Restrictions on Driving by Heart Patients May Be Unwarranted
WebMD News Archive
Aug. 8, 2001 -- Each year about 100,000 people with potentially life-threatening heart rhythm problems receive a device called a pacemaker-defibrillator -- like the one implanted in Vice President Dick Cheney five weeks ago. Many others are treated with drugs, also given to reduce the risk of death from sudden cardiac arrest.
Because patients with irregular heart rhythms, or arrhythmias, often lose consciousness with little or no warning when an attack occurs, the question of whether it is safe for them to drive is a controversial one. Many medical groups recommend that people treated for arrhythmias refrain from driving for six months or more. And such patients are prohibited from driving by law in some areas.
But there is little medical evidence to support such prohibitions, and a new study published in the Aug. 9 issue of TheNew England Journal of Medicine suggests they may not be warranted. L. Brent Mitchell, MD, and colleagues found that patients who had recently received treatment for life-threatening arrhythmias had the same risk of having an accident while driving as the general population.
"When we looked for evidence justifying these driving prohibitions, we were not able to find it," Mitchell tells WebMD. "We are not suggesting that physicians tell their patients to ignore these guidelines, or that patients ignore the advice of their doctors. But we definitely believe that all guidelines and legal restrictions need to be revisited."
The researchers asked about 750 patients with life-threatening irregular heartbeats about their driving habits. All of the patients had been resuscitated from a near fatal heart arrhythmia and recently been placed on drugs to control the condition or had received a pacemaker/defibrillator.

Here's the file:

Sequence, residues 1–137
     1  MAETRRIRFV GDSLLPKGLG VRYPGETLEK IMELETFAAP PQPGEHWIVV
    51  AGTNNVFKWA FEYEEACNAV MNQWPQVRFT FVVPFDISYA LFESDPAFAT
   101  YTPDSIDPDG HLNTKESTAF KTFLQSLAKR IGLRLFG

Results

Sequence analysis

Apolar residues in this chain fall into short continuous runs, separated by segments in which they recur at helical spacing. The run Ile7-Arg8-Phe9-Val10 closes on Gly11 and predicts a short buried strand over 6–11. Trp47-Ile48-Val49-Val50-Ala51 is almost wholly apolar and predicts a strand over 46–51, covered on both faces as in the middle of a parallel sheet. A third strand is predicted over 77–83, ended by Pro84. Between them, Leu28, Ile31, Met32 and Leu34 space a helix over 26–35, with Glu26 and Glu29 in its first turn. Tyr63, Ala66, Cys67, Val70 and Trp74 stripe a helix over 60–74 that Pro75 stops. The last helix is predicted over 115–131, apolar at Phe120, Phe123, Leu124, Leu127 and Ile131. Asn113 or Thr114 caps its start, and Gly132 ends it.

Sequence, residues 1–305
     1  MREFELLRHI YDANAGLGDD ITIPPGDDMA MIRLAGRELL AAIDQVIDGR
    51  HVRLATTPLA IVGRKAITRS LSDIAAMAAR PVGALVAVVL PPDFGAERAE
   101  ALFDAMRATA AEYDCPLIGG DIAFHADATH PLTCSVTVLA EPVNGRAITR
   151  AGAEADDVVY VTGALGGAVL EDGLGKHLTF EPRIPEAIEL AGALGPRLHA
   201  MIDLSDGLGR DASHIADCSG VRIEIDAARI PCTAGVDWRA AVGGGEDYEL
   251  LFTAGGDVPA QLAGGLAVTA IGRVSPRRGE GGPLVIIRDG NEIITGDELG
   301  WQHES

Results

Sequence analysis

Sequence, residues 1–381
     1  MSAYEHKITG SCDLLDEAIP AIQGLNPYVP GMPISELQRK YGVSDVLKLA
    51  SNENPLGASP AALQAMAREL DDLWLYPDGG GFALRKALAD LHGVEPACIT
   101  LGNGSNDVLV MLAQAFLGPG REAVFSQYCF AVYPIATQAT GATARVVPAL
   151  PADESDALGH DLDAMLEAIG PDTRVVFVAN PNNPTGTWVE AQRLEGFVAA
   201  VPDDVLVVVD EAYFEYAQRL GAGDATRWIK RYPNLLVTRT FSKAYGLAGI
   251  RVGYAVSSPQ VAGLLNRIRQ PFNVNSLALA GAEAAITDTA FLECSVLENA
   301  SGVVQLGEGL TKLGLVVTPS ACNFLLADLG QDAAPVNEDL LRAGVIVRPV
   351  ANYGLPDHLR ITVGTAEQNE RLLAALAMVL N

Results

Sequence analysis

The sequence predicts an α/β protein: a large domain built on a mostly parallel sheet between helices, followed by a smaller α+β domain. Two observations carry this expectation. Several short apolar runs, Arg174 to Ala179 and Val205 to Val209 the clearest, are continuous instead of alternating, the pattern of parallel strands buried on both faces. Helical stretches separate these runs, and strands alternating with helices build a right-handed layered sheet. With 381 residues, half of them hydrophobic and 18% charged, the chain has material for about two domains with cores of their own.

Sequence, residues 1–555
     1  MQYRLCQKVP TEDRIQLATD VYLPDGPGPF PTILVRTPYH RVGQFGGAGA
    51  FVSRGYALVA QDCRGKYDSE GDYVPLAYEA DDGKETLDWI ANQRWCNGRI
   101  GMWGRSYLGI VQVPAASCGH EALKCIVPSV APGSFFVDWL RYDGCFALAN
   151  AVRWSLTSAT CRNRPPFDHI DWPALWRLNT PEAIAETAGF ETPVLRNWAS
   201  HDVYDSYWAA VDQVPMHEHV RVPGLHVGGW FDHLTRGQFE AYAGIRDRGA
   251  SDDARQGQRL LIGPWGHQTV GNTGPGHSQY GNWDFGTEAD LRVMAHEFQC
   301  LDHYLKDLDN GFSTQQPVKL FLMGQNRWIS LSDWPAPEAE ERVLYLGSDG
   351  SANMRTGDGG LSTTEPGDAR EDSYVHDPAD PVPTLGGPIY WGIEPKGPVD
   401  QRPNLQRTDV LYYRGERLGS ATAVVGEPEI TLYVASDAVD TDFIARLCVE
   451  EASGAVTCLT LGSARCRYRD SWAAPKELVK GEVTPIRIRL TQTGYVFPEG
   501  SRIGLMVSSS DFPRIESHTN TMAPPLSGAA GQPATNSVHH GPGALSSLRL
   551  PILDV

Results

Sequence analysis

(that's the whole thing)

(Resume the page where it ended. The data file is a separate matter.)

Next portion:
More than half of those completing the anonymous survey said they resumed driving within three months of receiving treatment and over three-quarters were driving within six months. Approximately 9% of those surveyed acknowledged having had an accident during an average follow-up period of 35 months, but the accidents were preceded by symptoms of possible arrhythmia in only one in 10 of them.
"While many patients are ignoring these guidelines, some are doing so at their own risk with regard to the law and insurers," Mitchell says. " Most insurers will take the position that they should not be driving, and they may not be covered if something happens."
Of the approximately 40,000 deaths related to motor vehicle accidents occurring in the U.S. each year, only a very small percentage of them are caused by medical conditions, according to the U.S. Department of Transportation. But it is impossible to pinpoint exactly how many accidents are due to arrhythmias because data on such accidents are sparse. In a scientific statement published in 1996, the American Heart Association called for the establishment of a database to define the risk of driving accidents among patients treated for arrhythmias.
Timothy W. Smith, MD, of the Washington University School of Medicine in St. Louis, says limitations of the newly published study prevent it from being the definitive word on whether people who are newly treated for heart arrhythmias should drive. Smith wrote an editorial on the study, also published in TheNew England Journal of Medicine.
"I don't think that this study in and of itself is strong enough to recommend that patients and their doctors ignore established guidelines," Smith tells WebMD. "In some cases the data are so strong that it makes sense to reject such guidelines, but this is not the case with this study."